Publication Date: 12/03/2013
Publisher: Penguin Group
Imprint: Berkley Prime Crime
Genre: Cozy Mystery
(Received for an honest review from Berkley Prime Crime)
Purchase: Amazon, Barnes & Noble, Book Depository, IndieBound
Carolyn Hart on the WEB: Website, Facebook, Goodreads
Excerpt from Cry in the Night, courtesy of Amazon's Look Inside feature.
From the national bestselling author of Dead, White, and Blue and Ghost Gone Wild comes a mystery of intrigue and danger in the world of international art theft.
Egyptologist Sheila Ramsay develops a newfound interest in MesoAmerican affairs after meeting an outspoken—and attractive—Mexico City curator, a harsh critic of museums that deal in stolen art. And her own museum gives her the perfect opportunity to see him again: a valuable Aztec manuscript needs to be returned to its rightful owners, the wealthy Ortega family.
But things don’t go as planned for Sheila south of the border. An anonymous note threatens her with death if she remains in Mexico City. The curator she longed to see treats her with contempt. And the Ortegas are as mysterious as they are charming. What Sheila has stumbled into is much bigger—and more deadly—than she ever dreamed. And amid the splendor of Mexico’s ancient ruins and treacherous hillsides, Sheila will realize that there’s no one she can trust…
Carolyn Hart's latest book, Cry in the Night hearkens back to an earlier time in mystery writing. Her style and the atmosphere of her writing remind me of greats like Agatha Christie. This book has a young and vibrant protagonist who finds herself in the middle of sinister plot and readers will be delighted. Hart has a knack for making her readers feel like something is around every corner. Her books exude fear and mystery. Her style is somewhat Gothic but still appealing to a younger set of cozy mystery readers.
What I liked:
I liked lead character Shelia Ramsey a lot. She was young, but she had a good head on her shoulders. She is extremely intelligent and she knows her work. I thought it was interesting that Hart makes her an Egyptologist but gives her the role of solving a Meso-American mystery. Regardless she knew her stuff, but she was very impressionable and found herself enamored with a Mexican museum curator. I thought Hart developed Shelia's character well and readers get to see her change grow throughout the book. I liked that she figured out that Jerry was not the man for her and that someone else could possibly be.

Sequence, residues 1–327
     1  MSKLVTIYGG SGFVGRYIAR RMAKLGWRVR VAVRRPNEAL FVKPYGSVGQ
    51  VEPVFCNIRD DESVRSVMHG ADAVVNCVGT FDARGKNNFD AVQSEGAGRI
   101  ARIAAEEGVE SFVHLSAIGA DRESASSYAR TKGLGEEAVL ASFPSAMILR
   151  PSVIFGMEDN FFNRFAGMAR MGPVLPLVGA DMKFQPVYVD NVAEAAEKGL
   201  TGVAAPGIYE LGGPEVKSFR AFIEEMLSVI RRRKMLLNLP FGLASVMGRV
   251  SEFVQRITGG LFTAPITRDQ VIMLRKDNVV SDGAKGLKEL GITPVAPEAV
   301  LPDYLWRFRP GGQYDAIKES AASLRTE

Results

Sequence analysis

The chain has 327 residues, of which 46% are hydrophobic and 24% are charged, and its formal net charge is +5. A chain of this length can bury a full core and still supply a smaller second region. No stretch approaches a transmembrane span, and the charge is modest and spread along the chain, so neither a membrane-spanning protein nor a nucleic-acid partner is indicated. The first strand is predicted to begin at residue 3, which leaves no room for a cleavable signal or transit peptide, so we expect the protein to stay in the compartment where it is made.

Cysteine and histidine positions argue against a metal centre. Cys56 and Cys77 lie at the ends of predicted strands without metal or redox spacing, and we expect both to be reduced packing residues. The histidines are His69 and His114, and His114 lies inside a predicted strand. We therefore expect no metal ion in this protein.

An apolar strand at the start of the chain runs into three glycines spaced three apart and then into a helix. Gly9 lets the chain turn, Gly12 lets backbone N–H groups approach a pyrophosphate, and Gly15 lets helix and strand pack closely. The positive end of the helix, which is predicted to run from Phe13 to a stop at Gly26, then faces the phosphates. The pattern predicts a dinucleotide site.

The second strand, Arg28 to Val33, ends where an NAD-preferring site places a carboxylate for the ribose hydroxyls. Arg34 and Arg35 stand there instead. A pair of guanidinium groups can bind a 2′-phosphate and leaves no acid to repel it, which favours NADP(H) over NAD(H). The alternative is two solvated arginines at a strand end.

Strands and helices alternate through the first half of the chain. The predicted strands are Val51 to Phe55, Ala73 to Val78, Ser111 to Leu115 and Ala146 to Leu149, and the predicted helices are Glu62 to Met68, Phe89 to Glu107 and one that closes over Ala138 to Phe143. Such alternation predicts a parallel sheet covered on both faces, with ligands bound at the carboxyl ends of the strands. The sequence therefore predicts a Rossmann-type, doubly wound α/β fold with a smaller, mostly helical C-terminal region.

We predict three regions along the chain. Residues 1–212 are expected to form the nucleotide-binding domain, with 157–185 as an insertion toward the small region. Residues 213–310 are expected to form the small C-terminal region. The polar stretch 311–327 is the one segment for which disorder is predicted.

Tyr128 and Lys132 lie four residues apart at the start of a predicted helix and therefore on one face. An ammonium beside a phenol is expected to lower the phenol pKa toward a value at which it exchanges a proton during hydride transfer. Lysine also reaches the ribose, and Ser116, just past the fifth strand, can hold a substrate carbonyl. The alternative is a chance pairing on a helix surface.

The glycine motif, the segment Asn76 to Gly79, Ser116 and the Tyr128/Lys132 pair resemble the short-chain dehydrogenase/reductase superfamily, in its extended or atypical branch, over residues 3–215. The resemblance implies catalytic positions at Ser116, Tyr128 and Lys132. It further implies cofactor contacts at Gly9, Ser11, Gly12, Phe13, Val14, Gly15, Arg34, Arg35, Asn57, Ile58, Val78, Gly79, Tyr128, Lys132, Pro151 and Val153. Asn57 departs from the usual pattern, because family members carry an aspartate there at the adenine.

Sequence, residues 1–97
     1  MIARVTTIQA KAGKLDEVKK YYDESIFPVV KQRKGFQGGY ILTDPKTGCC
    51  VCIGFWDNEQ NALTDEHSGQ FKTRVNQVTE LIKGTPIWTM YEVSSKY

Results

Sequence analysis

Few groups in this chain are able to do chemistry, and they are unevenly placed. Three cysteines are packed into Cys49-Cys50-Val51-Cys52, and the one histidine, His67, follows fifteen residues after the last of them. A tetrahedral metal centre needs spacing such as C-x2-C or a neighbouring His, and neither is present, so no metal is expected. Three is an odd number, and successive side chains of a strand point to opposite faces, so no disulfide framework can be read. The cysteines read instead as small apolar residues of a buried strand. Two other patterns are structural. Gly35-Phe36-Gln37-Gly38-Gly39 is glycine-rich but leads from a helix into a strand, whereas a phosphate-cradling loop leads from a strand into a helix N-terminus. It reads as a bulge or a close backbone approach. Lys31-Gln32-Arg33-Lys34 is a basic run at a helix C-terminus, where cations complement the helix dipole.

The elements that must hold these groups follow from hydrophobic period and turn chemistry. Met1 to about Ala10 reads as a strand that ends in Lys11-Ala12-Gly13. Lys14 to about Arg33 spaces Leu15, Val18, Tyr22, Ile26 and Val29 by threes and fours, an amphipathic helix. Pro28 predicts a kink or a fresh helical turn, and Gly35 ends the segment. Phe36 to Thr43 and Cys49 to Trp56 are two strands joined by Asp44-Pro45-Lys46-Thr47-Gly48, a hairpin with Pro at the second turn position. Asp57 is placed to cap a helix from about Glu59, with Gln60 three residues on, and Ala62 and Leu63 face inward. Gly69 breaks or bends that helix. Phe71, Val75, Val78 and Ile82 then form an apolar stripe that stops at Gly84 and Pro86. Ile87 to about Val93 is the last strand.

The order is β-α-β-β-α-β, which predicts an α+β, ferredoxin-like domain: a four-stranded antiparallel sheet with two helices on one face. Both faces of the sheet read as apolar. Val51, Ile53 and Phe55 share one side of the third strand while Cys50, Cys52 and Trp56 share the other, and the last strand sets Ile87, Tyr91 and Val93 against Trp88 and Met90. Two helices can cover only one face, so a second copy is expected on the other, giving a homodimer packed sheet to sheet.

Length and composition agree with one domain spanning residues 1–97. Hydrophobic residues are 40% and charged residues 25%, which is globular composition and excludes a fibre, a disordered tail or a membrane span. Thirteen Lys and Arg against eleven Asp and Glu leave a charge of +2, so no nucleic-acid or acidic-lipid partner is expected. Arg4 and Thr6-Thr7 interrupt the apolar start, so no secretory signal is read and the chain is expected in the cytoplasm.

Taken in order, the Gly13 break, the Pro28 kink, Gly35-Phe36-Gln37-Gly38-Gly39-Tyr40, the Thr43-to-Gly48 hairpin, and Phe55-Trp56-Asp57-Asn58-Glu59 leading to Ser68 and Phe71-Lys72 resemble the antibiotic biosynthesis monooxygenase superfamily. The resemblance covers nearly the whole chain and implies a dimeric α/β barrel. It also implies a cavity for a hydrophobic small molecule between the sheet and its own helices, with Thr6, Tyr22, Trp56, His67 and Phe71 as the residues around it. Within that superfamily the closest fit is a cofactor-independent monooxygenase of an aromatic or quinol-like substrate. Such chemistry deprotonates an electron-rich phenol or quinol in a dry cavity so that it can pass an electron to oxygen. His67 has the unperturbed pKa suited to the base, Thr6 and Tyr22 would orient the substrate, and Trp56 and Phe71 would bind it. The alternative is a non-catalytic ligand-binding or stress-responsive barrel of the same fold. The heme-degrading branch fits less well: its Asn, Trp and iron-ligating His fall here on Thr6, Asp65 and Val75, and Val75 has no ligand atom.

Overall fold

The mystery itself was interesting and there were lots of things going on. At times it felt like there were more motives than people who could have pulled them off. I thought Hart did a great job of showing how more than one thing could have happened. It was reminiscent of a good game of clue. I kept waiting for Shelia to say something like, "it must have been Professor Plum in the library with the wrench." LOL!
I always have a heard time deciding if I think Carolyn Hart's books fit into the cozy genre. They are not overly graphic and there certainly isn't a lot of sex in them. The protagonist is usually a female and she usually has another career. So, Cry in the Night definitely meets the criteria, where some of Carolyn Hart's books do not.
What I didn't Like:
I felt like this one was kind of all over the place. One minute I was glued to the pages and waiting with baited breath to see what would happen next and other times it dragged and there were confusing and unnecessary details. I liked Shelia, didn't like Jerry and was on the fence about Tony. It was just a hard book to get a feel for. Overall I think I liked it, but it just wasn't as good as Hart's Death on Demand series or her other books of late.
I would recommend this one, to readers who like Christie. To those who like Carolyn Hart's writing in general and those who like a Gothic atmospheric mystery. But it may not be what everyone enjoys reading. Give it a try and see what you think!